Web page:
OVERRIDE

The Teeth May Smile but the Heart Does Not Forget

Murder and Memory in Uganda

Andrew Rice

Picador

One of Kirkus Reviews' Best Books of 2009

The people of Uganda have long struggled to bury the worst of their history, but after the violent reign of Idi Amin, reminders were never far from view. In 2000, lawyer Duncan Laki came across a clue to his father's 1972 disappearance, and the ensuing search ultimately led him to a shallow grave -- and then to three old soldiers, including Amin's military chief of staff. Laki's discovery resulted in a trial that, in the end, offered all Ugandans the reckoning they had long been denied. A detective story, a tale of fathers and sons, and a political history, this is above all an illumination of the wounded societies of modern Africa and an exploration of how -- and whether -- the past can ever be lain to rest.

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PROLOGUE: 1979

Eliphaz Laki wasn’t coming home. Duncan knew it. Everybody knew it. But hope was an obstinate emotion. It dug into Duncan like a tick, feeding off the doubts his rational mind couldn’t quite extinguish. There were rumors, thirdhand tales told in hushed voices: His father was in hiding, in exile. He’d been sighted in Tanzania. A rebel army was forming there, across the river to the south. The stories didn’t make sense to Duncan, though. He knew his father loved his family; he would have found a way to send word. Duncan heard other, darker, whispers,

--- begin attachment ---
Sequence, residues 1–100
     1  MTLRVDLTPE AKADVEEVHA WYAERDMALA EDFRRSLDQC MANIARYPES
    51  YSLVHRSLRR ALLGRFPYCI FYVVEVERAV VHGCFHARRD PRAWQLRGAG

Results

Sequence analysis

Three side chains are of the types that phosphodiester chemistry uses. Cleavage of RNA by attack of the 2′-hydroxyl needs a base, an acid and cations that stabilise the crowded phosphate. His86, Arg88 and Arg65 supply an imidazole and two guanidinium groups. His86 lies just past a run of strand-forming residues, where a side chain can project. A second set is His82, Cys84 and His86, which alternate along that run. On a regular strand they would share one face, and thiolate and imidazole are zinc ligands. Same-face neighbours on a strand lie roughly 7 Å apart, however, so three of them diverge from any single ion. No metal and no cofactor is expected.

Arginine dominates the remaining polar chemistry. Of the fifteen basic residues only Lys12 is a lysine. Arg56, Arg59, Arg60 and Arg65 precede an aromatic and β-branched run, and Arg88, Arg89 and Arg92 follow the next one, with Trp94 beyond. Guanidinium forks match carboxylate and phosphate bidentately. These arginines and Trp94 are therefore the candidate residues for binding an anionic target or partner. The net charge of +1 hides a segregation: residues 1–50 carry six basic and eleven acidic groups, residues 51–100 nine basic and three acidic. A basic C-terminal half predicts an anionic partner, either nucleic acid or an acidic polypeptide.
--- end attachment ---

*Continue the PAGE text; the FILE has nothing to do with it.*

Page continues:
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REVIEWS

Praise for The Teeth May Smile but the Heart Does Not Forget

“At its core, The Teeth May Smile but the Heart Does Not Forget is a keenly reported private detective story and police procedural about a son’s search for justice many years after his father’s betrayal and disappearance at the hands of Idi Amin’s military henchmen. At the same time, Andrew Rice’s book is an ably presented drama about the workings of a Ugandan courthouse. It is also an efficient primer on Uganda’s tumultuous history and a political précis of a succession of regimes, culminating with that of the current president, the increasingly authoritarian Yoweri Museveni. And on the broadest level, it is a vivid prism for examining some of the largest themes in Africa’s history.… A thoughtful meditation on the nature of memory, on forgiveness and reconciliation, told with a combination of attentiveness to historical background and genuine care for the lives of real people, The Teeth May Smile enriches the small world of serious Africa books for nonspecialists.”
The New York Times Book Review

“A stunning book . . . In the idiosyncracies of Ugandan history and in the material he gathers from his sources, Rice finds -- without forcing it -- a universally appealing story about living through, and after, violence.”
—Jina Moore, The Christian Science Monitor

“Insightful . . . Outstanding reporting . . . Rice's by-the-facts approach wields tremendous power. . . . A valuable contribution to the literature of memory and trauma.”
The New York Observer